Veterinary students Matthew Barnes and Dane Schwartz are the 2023 recipients of one of the most competitive scholarships in veterinary reproductive medicine — the Nandi Theriogenology Scholarship.
The international scholarship is awarded by the Theriogenology Foundation annually to fourth-year veterinary students who demonstrate superior potential for future clinical and scholarly excellence and leadership in theriogenology.
“Receiving the Nandi Scholarship is truly an honor. To me, it means that they looked at my application and not only acknowledged all the hard work and effort I put in throughout my academic career to be engaged in theriogenology, but they also believe I have a strong future in theriogenology and are willing to support me on this journey,” Barnes said.
Barnes and Schwartz were selected from a pool of 17 applicants representing 12 veterinary schools. They will be recognized and receive awards of $10,000 each July 21 at the Annual Conference in Birmingham, Alabama.
It’s also the first time the scholarship was awarded to two students from the same institution.
“Coming from the Society, it’s a big deal to be recognized because theriogenology is so important and will be a huge part of my career,” Schwartz said. “It speaks a lot about the program too. It shows that faculty at WSU are skilled and support students. The fact that Matt and I are both from WSU and received the scholarship really validates the program.”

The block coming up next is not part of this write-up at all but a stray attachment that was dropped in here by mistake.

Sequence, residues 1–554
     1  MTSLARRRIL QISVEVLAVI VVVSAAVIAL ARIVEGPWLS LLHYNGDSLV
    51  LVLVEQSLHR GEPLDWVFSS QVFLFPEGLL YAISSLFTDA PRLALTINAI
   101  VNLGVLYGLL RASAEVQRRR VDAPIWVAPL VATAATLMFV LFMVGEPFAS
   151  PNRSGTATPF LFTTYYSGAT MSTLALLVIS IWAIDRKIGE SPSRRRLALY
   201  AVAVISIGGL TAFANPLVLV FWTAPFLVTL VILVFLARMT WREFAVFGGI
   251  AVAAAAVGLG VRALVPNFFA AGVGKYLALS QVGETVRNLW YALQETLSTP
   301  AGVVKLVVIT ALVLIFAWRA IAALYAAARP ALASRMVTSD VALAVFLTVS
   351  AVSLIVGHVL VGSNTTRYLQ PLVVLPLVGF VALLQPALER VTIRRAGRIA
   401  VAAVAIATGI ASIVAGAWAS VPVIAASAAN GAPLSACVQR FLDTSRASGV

WSU’s theriogenology program is one of just a handful of such resources in the Pacific Northwest that specializes in the field for small and large animal reproduction.
Barnes, nominated by his mentor Dr. Ramanathan Kasimanickam, and Schwartz, nominated by mentor Dr. Ahmed Tibary, noted they got significant hands-on training before their clinical year of veterinary school.
“When I wasn’t in class, I was in the barn with the therio team,” Schwartz said.
For Barnes, in addition to time spent with his WSU mentors, experience was also gained at Utah State University through WSU’s regional program in veterinary medicine.
“I got a very large bulk of my equine theriogenology knowledge and skills and certainly wouldn’t be where I am without the help from the clinicians there, especially Dr. Holly Clement,” he said.
Both Barnes and Schwartz will officially earn their Doctor of Veterinary Medicine this Saturday. They plan to take what they learned with them, as both of their careers are geared toward reproductive medicine.
Schwartz is headed to Kansas State University for a one-year food animal internship before he plans to pursue a residency in theriogenology, and later, head to private practice or an academic setting. Barnes is headed home to northeastern Nevada to increase both large and small animal reproductive services and become an American College of Theriogenology diplomate.